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-   -   Suspend works only sometimes, Ubuntu 12.04 (http://www.linuxquestions.org/questions/linux-desktop-74/suspend-works-only-sometimes-ubuntu-12-04-a-4175451336/)

Kirsten 02-22-2013 08:24 PM

Suspend works only sometimes, Ubuntu 12.04
 
I'm using a home-assembled Shuttle SH67H3. Ubuntu's working great, except that about half the times I try to Suspend, I get a black screen with an error-type message, followed by a return to the screen I'd been working on. The message goes by very quickly. I've gathered what I could from repeated quick glimpses. There are eight or ten lines, several of which appear to be repeats of the preceding line. Here's what I've managed to copy out:

hub 4-0:1.0 hub port status failed (err = -19)
hub 3-0:1.0 0000:03.00.0 failed to suspend async: error -110
some items failed to suspend

That may not be exact, even of those lines, but it's quite close.

I've always been mystified by hubs and ports, and I certainly don't know what to make of this.

The failures to suspend seem to be independent of whether I have any programs open. I.e., I can sometimes suspend with mail, browser, word processor all open; sometimes I can't suspend even when everything appears to be closed.

The problem has existed since I installed the Ubuntu, a week or so ago; it's not a case of it having worked at first, and then didn't. The trouble is consistently intermittent, as it were.

I'm using Logitech wireless keyboard and touchpad. There's nothing else involved -- no mp3 players charging or anything, no external hard drives, no DVD in the player. There is a Belkin router to which the desktop is wired.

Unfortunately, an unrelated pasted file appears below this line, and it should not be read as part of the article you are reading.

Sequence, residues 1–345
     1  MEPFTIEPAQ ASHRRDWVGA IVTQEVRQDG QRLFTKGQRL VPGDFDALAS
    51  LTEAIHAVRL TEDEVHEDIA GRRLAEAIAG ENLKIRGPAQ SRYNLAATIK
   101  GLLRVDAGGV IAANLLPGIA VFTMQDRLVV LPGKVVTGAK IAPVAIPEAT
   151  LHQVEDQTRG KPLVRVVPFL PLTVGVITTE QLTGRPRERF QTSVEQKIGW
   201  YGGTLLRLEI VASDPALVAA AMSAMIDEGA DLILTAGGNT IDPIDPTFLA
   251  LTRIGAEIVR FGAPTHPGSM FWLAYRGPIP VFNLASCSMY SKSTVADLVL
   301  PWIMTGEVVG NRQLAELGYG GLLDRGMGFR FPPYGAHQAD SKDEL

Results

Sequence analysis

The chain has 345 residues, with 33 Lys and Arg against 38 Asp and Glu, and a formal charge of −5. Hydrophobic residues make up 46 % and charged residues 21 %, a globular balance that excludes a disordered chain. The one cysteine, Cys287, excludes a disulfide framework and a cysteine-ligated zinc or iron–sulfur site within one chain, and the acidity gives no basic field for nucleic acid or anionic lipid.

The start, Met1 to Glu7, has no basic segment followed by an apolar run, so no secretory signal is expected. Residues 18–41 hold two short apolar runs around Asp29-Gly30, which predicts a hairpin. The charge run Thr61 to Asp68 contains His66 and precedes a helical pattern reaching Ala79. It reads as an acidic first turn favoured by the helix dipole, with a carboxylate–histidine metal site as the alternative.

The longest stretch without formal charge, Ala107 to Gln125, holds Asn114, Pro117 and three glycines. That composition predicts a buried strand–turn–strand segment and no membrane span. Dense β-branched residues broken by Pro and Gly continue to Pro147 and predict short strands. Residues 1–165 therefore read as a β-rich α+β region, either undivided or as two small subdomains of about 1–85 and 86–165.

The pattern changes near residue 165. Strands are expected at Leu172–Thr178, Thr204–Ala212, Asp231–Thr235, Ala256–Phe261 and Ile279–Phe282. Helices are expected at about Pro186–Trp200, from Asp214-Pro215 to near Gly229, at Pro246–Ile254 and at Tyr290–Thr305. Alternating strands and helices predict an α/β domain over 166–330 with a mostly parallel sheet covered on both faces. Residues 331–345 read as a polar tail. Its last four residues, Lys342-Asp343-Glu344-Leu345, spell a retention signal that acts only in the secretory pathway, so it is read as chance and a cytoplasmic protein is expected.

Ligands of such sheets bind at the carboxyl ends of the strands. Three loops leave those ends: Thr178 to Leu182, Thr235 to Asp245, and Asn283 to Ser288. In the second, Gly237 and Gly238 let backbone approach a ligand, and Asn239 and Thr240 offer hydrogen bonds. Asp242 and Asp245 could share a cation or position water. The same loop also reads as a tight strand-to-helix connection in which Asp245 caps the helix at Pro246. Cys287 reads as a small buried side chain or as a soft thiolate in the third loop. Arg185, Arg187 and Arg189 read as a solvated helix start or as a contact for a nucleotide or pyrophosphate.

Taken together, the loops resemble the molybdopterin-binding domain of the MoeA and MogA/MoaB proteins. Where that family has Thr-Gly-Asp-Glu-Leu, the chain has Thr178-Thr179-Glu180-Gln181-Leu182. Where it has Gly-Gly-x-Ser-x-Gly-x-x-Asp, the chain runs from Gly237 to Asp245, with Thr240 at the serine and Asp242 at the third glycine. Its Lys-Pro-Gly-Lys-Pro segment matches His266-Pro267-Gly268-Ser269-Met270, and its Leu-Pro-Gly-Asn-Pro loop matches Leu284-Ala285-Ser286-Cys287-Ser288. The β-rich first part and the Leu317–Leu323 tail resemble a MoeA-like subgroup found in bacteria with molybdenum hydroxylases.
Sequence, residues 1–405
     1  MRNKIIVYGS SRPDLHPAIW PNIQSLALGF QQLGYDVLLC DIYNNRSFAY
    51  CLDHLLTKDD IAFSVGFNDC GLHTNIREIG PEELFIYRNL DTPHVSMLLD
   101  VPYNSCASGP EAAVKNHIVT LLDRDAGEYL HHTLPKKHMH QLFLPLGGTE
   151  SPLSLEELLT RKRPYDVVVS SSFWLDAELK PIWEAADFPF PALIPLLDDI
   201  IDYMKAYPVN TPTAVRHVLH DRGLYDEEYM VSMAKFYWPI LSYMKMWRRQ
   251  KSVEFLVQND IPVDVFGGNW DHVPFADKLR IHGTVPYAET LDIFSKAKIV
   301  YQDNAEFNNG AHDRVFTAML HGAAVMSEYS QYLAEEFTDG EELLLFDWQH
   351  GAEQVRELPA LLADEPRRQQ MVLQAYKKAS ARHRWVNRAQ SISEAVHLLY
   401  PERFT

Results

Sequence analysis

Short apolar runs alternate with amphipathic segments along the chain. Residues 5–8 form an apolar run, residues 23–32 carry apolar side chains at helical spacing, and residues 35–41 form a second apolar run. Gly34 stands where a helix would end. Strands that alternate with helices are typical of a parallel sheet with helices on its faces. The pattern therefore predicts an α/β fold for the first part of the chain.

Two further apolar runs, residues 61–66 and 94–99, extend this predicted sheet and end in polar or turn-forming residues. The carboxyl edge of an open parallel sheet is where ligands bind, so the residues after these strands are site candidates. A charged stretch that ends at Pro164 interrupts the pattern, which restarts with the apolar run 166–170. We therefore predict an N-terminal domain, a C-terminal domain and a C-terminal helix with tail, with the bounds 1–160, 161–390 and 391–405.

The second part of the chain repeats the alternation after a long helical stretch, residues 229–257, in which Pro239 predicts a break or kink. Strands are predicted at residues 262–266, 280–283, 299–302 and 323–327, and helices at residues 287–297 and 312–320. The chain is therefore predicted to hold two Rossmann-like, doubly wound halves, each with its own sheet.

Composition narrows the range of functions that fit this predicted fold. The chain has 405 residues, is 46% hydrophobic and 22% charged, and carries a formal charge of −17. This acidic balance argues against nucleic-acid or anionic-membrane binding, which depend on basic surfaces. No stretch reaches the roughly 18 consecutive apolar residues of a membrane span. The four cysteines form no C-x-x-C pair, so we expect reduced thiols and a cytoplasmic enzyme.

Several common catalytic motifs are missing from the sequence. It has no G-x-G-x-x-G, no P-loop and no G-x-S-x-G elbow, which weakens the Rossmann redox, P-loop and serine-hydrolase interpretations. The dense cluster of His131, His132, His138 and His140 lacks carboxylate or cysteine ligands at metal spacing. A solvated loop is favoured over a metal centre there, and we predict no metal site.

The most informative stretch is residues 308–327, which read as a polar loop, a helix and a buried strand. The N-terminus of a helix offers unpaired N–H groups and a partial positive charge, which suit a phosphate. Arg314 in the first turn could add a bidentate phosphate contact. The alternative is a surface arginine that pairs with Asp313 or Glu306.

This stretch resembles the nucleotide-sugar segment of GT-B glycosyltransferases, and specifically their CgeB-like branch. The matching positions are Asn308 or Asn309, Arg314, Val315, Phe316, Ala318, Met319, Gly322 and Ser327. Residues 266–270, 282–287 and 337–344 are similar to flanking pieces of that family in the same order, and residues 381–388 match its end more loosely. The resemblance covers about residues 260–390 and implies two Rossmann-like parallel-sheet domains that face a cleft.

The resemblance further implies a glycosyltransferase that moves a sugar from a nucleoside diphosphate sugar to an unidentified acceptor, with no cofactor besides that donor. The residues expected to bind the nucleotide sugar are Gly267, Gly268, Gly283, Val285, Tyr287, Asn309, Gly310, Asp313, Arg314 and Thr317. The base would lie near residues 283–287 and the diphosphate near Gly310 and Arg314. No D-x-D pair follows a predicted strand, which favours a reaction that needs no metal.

Searching these forums, I learned that graphics cards are often the cause of this sort of glitch. My video card came embedded in the Shuttle motherboard, and I haven't been able to learn any more from Shuttle's site about it. I thought maybe I should install another graphics card, but the fact that the trouble is intermittent makes me think the source of the trouble might be something less tangible.

I'm fairly fresh from life with Windows, quite new to running Linux. My instinct is to press Ctrl+Alt+Del to view the task manager. Is there a way, via GUI, to view processes on Ubuntu? Or is there a way to do it through a terminal that would be simple enough for a newbie? Or am I barking up a wrong tree?

I see that some others have had trouble resuming from Suspend; for what it's worth, I've not had any trouble on that end. When I Suspend successfully, it's never (so far) a problem for me to get back in business.

Help?

Thanks.

ukiuki 02-26-2013 04:16 PM

It may be related to the amount of swap available too, since suspend and hibernation uses swap, how much RAM and swap do you have?
About the error messages if you search the log files you will find tha, logs are under the folder /var/log/ , would be a good idea to post it here, more we know about the problem more tools we have to fix it.
Quote:

Originally Posted by Kirsten (Post 4897868)